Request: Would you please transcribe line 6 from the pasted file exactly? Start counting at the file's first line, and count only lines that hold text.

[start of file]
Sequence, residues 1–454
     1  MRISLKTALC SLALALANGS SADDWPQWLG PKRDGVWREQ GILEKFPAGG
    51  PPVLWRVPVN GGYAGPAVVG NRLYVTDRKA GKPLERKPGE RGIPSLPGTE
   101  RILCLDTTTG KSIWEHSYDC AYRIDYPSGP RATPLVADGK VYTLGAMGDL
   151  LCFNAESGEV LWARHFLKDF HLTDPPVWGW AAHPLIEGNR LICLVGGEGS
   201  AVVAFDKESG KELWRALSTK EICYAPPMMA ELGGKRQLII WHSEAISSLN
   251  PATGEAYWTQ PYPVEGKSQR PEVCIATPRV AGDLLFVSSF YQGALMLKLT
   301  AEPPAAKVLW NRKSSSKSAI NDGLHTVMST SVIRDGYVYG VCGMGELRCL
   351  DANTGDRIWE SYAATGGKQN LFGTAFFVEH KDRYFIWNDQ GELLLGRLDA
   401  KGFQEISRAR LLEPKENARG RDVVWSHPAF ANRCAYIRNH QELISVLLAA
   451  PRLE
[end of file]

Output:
   201  AVVAFDKESG KELWRALSTK EICYAPPMMA ELGGKRQLII WHSEAISSLN